Ecuadorian President Rafael Correa claimed that a police mutiny earlier this week was an attempted coup with plans to assassinate him and other members of the government, media reports said on Saturday.
The death toll in the unrest rose to eight with 278 injured, officials said.
Correa told foreign ministers from the South American diplomatic group Unasur who had travelled to Ecuador that the unrest included "conspirators, that could not beat us at the ballot boxes and wanted to kill us". He did not name names of those he held responsible, but three police officers have been arrested.
The goal of the uprising was a "civil war with unknown consequences", he said.
The situation had returned to normal in Ecuador and police officers were back on the streets across the country Friday.
The Ecuadorian government insists that the mutiny was part of a broader coup attempt, which eventually failed, while the insurgents have denied such claims, saying they were only protesting a new law changing their employment benefits.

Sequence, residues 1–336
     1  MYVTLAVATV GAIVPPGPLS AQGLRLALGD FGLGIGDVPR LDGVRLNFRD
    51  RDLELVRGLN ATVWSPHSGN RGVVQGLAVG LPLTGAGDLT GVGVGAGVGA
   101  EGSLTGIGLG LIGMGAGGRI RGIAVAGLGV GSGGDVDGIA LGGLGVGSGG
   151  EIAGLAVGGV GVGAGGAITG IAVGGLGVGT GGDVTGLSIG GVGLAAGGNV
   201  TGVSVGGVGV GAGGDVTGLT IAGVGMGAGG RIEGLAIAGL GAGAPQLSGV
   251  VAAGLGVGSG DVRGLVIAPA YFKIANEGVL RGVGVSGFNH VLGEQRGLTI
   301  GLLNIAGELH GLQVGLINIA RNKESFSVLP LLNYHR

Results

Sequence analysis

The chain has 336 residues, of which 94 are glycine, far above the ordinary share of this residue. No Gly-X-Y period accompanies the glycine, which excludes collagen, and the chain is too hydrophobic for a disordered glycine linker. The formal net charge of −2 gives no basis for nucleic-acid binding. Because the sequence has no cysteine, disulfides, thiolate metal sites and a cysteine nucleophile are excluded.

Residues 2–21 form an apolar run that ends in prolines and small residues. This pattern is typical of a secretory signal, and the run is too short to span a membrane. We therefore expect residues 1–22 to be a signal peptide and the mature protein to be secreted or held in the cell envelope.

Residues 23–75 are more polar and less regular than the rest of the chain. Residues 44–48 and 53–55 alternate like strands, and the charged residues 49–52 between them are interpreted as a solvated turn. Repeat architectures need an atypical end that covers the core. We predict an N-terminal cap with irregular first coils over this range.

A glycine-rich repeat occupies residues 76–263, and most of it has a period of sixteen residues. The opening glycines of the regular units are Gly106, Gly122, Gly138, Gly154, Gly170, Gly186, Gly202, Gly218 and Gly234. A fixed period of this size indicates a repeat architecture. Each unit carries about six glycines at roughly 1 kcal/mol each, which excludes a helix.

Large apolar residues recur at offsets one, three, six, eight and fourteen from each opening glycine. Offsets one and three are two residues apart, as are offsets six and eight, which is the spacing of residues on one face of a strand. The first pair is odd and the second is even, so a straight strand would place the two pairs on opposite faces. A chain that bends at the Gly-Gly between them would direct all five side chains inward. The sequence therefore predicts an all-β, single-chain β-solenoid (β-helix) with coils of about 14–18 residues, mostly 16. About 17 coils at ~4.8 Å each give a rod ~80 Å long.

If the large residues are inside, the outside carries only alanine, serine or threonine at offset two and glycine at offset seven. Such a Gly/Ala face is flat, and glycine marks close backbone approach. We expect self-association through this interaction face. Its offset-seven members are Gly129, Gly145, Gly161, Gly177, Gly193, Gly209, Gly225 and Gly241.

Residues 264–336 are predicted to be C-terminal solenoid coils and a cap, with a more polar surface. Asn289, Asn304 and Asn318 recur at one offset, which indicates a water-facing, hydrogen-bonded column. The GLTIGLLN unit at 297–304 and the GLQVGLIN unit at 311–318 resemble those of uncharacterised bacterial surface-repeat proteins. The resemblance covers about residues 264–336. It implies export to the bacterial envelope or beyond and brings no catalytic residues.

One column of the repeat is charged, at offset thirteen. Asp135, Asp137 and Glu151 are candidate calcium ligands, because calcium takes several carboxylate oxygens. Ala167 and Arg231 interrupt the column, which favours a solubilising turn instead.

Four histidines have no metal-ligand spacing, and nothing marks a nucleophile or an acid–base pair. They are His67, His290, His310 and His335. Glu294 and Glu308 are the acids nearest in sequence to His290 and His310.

For hours, Correa was detained against his will at the Police Hospital in Quito, surrounded by 30,000 police officers and some rank-and-file soldiers who had joined the mutiny that also saw a takeover of the main police barracks and the runway at Quito's international airport.
Late on Thursday, the military managed to free Correa, who was unharmed despite a shootout which claimed at least two lives.
In a televised statement after his release, Correa had announced a purge of the country's police forces.